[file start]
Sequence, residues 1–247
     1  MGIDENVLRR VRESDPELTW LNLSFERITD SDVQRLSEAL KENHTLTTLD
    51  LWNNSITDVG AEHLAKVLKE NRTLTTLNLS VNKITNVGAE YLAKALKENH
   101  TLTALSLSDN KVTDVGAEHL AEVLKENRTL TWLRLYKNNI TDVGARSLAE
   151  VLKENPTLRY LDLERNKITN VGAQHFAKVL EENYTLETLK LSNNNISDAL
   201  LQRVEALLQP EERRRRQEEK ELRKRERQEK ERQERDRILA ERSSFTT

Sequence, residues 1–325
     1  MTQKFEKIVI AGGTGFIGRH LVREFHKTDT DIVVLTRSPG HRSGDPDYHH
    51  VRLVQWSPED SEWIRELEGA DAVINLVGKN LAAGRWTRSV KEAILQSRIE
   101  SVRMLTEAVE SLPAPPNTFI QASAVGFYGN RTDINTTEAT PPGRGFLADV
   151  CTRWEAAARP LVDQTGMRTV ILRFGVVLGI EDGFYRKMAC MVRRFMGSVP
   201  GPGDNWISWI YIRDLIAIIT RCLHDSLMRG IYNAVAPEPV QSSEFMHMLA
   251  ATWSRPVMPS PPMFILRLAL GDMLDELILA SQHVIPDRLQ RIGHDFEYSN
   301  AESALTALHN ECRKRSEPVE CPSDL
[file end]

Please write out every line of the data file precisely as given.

Sequence, residues 1–247
     1  MGIDENVLRR VRESDPELTW LNLSFERITD SDVQRLSEAL KENHTLTTLD
    51  LWNNSITDVG AEHLAKVLKE NRTLTTLNLS VNKITNVGAE YLAKALKENH
   101  TLTALSLSDN KVTDVGAEHL AEVLKENRTL TWLRLYKNNI TDVGARSLAE
   151  VLKENPTLRY LDLERNKITN VGAQHFAKVL EENYTLETLK LSNNNISDAL
   201  LQRVEALLQP EERRRRQEEK ELRKRERQEK ERQERDRILA ERSSFTT

Sequence, residues 1–325
     1  MTQKFEKIVI AGGTGFIGRH LVREFHKTDT DIVVLTRSPG HRSGDPDYHH
    51  VRLVQWSPED SEWIRELEGA DAVINLVGKN LAAGRWTRSV KEAILQSRIE
   101  SVRMLTEAVE SLPAPPNTFI QASAVGFYGN RTDINTTEAT PPGRGFLADV
   151  CTRWEAAARP LVDQTGMRTV ILRFGVVLGI EDGFYRKMAC MVRRFMGSVP
   201  GPGDNWISWI YIRDLIAIIT RCLHDSLMRG IYNAVAPEPV QSSEFMHMLA
   251  ATWSRPVMPS PPMFILRLAL GDMLDELILA SQHVIPDRLQ RIGHDFEYSN
   301  AESALTALHN ECRKRSEPVE CPSDL